August 16, 2017
Agency MBS performance was positive in the second quarter, driven by a continued softening in volatility and lower net supply relative to expectations. Additionally, tight spreads in credit sensitive areas have helped make Agency MBS’s nominally tight spreads appear relatively attractive. These factors all contributed to spreads holding at relatively tight levels even as the Fed announced details about its portfolio runoff plans.
TIght spreads in credit sensitive areas have helped make Agency MBS’s nominally tight spreads appear relatively attractive. Relative value considerations helped limit MBS spread widening even as the Fed announced its tapering plans.
Source: Bloomberg, Guggenheim Investments. Data as of 7.4.2017.
The Fed plans a graduated quarterly schedule of runoff caps ending at $20 billion per month, most likely commencing in October. The Fed seems to understand its place as the most important source of demand for Agency MBS, particularly as Fannie Mae and Freddie Mac have shrunk their balance sheets.
The Fed seems to understand its place as the most important consistent source of post-crisis Agency MBS demand, particularly as Fannie Mae and Freddie Mac have shrunk their balance sheets. Increased supply concerns should not become a fundamental issue until 2018, when the Fed’s lower reinvestment levels become meaningful.
Source: BofA Merrill Lynch Global Research, Guggenheim Investments. Data as of Q1 2017.
If investors become concerned about tapering-induced supply, the basis could witness periods of pressure causing spreads to widen, but assuming tapering begins this year, increased supply concerns should not become a fundamental issue until 2018, when the Fed’s lower reinvestment levels become meaningful. At that point, we would expect foreign investors, domestic banks, and money managers to provide the backstop bid for Agency MBS, albeit at wider spread levels. Risks to this outcome include regulatory uncertainty, the relative value of competing products, and a potential increase in volatility. The path may not be smooth, but spreads will likely settle in approximately 20 basis points wider relative to current levels.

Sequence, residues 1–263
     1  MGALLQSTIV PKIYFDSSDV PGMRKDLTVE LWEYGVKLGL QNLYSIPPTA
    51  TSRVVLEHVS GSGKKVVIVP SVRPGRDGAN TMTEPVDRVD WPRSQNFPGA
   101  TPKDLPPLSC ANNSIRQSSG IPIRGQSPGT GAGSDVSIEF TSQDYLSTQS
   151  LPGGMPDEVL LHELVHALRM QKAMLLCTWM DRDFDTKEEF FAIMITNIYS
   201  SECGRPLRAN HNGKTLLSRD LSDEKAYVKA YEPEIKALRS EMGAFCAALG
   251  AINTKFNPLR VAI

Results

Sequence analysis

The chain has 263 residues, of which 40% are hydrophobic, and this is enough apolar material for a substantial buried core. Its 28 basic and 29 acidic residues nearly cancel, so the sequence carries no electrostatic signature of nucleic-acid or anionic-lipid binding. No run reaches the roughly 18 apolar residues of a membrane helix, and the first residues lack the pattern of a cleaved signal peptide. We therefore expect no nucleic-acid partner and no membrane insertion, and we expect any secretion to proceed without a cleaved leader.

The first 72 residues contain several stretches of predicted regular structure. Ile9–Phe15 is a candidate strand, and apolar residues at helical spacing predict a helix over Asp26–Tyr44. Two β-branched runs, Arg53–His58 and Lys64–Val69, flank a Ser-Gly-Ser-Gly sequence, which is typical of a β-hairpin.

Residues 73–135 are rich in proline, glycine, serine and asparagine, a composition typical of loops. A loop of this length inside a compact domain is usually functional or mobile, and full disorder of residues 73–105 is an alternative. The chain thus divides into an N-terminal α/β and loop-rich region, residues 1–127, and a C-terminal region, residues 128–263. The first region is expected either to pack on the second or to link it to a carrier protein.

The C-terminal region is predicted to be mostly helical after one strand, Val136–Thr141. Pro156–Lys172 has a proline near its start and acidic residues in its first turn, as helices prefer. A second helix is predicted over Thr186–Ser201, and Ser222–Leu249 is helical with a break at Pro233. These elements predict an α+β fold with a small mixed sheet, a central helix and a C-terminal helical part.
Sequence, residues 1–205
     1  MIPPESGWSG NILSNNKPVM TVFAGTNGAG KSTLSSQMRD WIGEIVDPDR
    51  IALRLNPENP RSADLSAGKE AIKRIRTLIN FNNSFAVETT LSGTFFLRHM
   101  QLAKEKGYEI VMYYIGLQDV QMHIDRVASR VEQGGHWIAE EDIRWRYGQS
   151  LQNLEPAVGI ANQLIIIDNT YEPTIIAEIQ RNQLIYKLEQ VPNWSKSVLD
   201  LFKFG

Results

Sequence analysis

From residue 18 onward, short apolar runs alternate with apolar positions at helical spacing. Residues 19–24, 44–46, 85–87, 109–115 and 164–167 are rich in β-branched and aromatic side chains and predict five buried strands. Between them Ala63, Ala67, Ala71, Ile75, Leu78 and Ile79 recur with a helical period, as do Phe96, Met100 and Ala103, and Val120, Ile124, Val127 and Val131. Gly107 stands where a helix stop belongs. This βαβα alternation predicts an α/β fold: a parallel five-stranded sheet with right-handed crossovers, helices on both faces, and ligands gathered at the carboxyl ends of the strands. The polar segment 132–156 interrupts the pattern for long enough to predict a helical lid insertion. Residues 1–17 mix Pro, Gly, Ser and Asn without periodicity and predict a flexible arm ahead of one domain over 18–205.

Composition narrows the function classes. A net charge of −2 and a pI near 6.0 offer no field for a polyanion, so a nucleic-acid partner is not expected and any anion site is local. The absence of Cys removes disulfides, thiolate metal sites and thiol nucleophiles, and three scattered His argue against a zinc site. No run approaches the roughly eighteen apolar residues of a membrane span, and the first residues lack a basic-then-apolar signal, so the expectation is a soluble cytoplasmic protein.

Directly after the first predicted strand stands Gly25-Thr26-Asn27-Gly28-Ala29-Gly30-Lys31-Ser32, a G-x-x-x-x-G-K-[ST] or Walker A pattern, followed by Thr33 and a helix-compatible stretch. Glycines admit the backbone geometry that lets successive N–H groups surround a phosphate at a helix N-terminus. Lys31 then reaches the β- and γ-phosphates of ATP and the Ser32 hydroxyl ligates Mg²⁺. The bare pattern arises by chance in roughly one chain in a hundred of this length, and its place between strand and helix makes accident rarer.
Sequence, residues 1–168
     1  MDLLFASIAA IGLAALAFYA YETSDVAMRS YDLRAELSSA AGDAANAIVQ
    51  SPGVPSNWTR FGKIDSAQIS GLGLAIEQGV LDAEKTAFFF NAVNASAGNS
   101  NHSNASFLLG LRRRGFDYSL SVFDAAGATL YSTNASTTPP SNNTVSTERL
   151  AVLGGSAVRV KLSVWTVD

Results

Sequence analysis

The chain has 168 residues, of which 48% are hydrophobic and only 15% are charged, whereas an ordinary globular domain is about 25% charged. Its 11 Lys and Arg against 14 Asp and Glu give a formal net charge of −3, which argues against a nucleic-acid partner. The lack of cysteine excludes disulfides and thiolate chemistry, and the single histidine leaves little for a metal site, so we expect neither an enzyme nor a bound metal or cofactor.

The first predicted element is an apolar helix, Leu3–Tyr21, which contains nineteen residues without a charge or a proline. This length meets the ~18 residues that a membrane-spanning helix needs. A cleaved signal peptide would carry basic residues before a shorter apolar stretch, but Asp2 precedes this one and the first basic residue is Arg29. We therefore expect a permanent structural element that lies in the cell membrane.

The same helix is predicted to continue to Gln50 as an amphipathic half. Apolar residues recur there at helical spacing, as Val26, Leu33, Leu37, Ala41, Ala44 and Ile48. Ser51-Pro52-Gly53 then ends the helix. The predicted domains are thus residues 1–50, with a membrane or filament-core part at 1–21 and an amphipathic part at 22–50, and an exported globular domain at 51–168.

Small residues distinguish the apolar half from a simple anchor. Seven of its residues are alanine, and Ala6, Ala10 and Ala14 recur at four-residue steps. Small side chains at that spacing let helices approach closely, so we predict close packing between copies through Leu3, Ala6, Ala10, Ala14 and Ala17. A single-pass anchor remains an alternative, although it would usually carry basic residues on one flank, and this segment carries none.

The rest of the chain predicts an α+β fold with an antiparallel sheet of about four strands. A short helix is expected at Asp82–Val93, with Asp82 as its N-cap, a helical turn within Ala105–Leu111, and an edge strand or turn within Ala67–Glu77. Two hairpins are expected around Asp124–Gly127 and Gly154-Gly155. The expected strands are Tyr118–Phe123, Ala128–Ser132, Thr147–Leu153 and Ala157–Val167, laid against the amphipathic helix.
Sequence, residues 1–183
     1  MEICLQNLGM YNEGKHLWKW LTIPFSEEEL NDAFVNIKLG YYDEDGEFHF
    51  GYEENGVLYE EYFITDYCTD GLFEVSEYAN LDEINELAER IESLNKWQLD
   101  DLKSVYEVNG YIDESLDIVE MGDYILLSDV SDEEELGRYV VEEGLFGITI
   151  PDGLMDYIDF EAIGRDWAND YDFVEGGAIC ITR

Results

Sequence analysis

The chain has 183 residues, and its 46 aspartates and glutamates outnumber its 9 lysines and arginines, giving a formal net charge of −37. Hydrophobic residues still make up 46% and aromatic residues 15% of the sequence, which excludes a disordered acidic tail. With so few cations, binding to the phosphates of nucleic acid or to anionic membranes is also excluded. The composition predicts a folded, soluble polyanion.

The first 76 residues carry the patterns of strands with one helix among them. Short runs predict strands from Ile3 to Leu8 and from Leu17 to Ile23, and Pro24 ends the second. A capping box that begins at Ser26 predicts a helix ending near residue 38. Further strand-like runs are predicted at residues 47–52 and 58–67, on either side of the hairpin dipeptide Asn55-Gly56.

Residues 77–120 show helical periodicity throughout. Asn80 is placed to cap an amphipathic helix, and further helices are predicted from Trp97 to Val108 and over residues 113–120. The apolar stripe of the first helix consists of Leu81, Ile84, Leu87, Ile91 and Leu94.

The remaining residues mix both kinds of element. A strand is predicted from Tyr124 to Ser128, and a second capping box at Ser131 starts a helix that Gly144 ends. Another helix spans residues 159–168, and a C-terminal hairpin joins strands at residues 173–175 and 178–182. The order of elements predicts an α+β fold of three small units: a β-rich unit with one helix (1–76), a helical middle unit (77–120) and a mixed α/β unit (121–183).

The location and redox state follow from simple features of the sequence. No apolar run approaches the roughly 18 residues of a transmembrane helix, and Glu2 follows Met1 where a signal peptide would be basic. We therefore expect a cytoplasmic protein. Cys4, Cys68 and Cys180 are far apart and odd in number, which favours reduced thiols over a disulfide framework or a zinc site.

The Bloomberg Barclays U.S. MBS index posted a 0.9 percent return in the second quarter of 2017, the strongest since the second quarter of 2016. Yields ended the quarter at 2.9 percent, unchanged from the previous quarter, while the Agency MBS basis is roughly 10 basis points tighter since the beginning of the year.
There may be opportunities to pick up assets at substantially wider spreads as the market adjusts to the evolving technical dynamics driven by tapering expectations. We continue to prefer a portfolio of cash-flow story bonds for duration management. In particular, repayment risk is being driven by turnover as borrower-refinancing opportunities dwindle. Moreover, credit curing, marginally loosening lending standards, and home price appreciation are the turnover themes driving prepayments. Bonds exposed to these factors can provide opportunities to pick up relative value within the Agency MBS sector.